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Improving Energy Efficiency in Existing Buildings

Updated: Apr 13, 2020

The California Energy Commission (CEC) developed a plan to increase energy efficiency in existing buildings. It is updated every three years. Achieving the state’s energy and climate goals requires the energy performance of existing buildings be improved. Creative solutions and collaboration from an array of participants are needed for success.

California has long been a leader in efforts to improve building energy efficiency, both at the time of construction and upon a major remodel or equipment replacement. 


The 2019 California Energy Efficiency Action Plan (2019 Action Plan) covers issues, opportunities, and savings estimates pertaining to energy efficiency in California’s buildings, industrial, and agricultural sectors. The plan is organized by the three state goals driving energy efficiency activity: doubling energy efficiency savings by 2030, removing and reducing barriers to energy efficiency in low-income and disadvantaged communities, and reducing greenhouse gas emissions from the building sector.


California has set ambitious climate and clean-energy goals to reduce air pollution and greenhouse gas emissions while creating a more resilient and reliable energy sy stem. Most recently, Senate Bill 350 (de León, Chapter 547, Statutes of 2015) established new energy efficiency and renewable electricity targets for 2030 to support California’s long -term climate goal of reducing greenhouse gas emissions by 40 percent below 1990 levels by 2030. Recognizing the role that California’s buildings play in energy use, the Energy Commission and partner agencies have used a variety of strategies to focus on improving building energy efficiency, generating renewable energy generation on-site, installing distributed energy storage sy stems, and providing electric vehicle charging infrastructure.


However, significant obstacles remain in ensuring that all Californians have access to and benefit from these clean-energy opportunities. In recognition of the barriers that exist for low-income and disadvantaged communities to access clean-energy technologies and solutions, SB 350 required the California Energy Commission, in coordination with other state agencies, to study the barr iers for low-income customers to access clean-energy technologies and programs.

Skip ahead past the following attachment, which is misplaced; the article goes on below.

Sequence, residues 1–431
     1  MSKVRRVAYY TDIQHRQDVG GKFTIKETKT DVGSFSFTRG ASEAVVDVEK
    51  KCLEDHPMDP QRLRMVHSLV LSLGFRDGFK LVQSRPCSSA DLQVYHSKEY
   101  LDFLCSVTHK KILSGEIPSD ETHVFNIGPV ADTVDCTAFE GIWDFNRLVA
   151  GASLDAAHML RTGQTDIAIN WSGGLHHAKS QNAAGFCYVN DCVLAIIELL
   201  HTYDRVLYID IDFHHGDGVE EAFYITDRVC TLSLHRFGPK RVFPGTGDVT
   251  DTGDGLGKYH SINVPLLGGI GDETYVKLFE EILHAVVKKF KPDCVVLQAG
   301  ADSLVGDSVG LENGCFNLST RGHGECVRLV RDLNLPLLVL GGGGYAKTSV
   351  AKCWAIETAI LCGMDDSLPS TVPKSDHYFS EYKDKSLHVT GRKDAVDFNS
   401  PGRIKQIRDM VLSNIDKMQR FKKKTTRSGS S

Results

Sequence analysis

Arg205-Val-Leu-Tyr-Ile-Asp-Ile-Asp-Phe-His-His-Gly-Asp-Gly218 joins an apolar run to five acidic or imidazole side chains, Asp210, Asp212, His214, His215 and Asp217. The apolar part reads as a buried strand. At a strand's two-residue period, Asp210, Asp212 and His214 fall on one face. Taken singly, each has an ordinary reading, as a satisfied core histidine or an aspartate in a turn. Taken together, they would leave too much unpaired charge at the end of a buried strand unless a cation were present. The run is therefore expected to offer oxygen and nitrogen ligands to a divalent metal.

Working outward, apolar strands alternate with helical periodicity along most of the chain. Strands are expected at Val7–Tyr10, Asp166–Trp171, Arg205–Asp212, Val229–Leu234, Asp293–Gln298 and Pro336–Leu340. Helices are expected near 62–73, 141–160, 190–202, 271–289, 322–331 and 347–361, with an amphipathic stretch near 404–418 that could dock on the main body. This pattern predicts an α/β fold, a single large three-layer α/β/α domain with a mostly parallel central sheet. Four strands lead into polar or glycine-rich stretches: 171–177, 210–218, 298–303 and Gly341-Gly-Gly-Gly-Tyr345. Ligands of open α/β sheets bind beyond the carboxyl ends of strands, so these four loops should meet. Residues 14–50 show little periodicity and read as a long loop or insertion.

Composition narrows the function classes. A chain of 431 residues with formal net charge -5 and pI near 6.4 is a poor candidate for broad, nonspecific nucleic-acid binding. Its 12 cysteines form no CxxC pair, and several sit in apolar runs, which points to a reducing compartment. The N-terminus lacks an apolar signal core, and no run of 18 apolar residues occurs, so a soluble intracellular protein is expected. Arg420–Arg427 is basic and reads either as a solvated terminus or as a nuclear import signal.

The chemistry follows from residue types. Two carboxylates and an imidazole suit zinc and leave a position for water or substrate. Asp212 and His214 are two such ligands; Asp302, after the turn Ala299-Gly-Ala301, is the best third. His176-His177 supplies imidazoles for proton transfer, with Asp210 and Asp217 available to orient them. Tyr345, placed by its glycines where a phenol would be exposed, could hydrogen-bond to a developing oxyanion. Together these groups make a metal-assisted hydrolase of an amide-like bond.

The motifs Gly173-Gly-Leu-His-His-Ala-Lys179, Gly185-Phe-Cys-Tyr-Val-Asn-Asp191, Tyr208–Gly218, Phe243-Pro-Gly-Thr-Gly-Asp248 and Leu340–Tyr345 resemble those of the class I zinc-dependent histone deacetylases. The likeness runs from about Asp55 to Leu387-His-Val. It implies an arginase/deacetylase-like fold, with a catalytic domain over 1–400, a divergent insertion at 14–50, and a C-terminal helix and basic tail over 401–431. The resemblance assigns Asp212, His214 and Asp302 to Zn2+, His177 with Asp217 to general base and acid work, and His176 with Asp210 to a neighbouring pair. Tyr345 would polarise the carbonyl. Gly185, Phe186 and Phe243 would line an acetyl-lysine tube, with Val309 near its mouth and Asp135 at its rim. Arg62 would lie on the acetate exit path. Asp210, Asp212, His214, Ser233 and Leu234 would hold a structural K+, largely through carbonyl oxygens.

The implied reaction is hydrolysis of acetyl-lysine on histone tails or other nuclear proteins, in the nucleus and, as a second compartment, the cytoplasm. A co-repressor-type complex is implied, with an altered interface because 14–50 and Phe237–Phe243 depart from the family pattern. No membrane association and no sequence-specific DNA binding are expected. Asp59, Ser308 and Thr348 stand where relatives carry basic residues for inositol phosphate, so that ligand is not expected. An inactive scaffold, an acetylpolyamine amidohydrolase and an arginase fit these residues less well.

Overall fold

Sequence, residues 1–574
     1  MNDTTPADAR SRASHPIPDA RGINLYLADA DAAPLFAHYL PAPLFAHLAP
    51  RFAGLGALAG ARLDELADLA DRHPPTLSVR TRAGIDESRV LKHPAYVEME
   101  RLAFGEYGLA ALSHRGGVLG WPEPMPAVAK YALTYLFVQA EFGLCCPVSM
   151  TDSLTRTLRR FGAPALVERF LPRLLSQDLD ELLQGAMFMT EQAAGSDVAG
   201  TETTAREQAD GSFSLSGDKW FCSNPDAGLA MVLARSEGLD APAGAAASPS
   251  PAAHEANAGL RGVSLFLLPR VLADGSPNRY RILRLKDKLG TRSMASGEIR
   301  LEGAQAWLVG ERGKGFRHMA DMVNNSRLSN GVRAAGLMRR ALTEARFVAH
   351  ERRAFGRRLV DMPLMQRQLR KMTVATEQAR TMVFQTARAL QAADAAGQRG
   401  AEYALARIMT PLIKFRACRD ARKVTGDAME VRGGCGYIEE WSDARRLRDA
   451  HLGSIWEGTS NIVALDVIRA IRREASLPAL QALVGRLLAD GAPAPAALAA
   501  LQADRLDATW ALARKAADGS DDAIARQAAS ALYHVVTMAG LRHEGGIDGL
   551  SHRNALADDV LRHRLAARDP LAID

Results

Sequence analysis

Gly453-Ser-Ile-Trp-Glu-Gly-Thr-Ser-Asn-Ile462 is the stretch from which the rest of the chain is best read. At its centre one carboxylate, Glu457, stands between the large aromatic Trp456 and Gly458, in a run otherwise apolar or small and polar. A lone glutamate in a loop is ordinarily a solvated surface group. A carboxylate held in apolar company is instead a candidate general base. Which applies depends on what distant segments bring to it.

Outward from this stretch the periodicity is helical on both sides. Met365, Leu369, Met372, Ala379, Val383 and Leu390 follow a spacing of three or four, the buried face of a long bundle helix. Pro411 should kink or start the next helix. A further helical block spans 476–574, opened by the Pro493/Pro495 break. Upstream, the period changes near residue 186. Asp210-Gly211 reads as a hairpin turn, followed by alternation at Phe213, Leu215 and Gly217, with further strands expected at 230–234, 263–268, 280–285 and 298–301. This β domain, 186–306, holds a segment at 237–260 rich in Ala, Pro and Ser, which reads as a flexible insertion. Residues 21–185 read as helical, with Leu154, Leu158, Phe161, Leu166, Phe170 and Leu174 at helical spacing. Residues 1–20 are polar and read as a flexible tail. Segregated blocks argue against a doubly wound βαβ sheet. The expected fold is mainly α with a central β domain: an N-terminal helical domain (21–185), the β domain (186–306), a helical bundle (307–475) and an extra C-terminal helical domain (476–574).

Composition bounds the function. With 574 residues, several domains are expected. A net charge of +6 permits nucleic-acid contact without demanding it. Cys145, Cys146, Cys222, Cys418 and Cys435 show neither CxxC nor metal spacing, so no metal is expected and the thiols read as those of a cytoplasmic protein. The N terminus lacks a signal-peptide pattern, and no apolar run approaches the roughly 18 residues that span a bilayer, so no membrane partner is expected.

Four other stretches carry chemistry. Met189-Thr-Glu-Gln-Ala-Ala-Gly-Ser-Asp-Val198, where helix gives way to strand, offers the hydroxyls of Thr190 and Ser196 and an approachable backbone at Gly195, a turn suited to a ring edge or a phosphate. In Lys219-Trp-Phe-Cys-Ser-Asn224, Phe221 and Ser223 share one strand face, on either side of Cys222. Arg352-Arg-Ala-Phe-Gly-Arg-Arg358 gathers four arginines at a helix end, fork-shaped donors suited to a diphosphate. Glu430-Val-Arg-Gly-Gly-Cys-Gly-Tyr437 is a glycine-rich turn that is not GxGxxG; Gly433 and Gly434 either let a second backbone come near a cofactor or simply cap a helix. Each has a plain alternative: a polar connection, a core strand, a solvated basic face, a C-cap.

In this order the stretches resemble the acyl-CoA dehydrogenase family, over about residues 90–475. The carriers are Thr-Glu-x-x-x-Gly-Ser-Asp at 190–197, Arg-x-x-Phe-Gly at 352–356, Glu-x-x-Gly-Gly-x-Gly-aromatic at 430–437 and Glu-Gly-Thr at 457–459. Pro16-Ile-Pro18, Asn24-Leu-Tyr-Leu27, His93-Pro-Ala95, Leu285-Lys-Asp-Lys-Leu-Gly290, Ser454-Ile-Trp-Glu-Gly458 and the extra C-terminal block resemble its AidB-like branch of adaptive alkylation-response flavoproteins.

Published in December 2016, the Low-Income Barriers Study, Part A: Overcoming Barriers to Energy Efficiency and Renewables for Low -Income Customers and Small Business Contracting Opportunities in Disadvantaged Communities (Barriers Study ) identified barriers to and recommendations for increased access for low-income and disadvantaged communities to clean-energy solutions, as well as local small business contracting opportunities.


One of the recommendations of the study included the following: Develop a comprehensive action plan focused on improving opportunities for energy efficiency, renewable energy, demand response, energy storage, and electric vehicle infrastructure for multifamily housing, with attention to pilot programs for multifamily rental properties in low-income and disadvantaged communities.


The Clean Energy in Low-Income Multifamily Building (CLIMB) Action Plan identifies current programs and policies, remaining challenges, and concrete actions that the State can take to accelerate the implementation of distributed energy resources (DERs)—energy and water efficiency strategies (including on-site water reuse and green infrastructure), demand response, on-site renewable energy, electric vehicle infrastructure installation, and energy storage—within California’s multifamily housing stock. With a significant portion of Californians living in multifamily buildings, these buildings offer an opportunity and a challenge to accelerating the state’s clean-energy progress.



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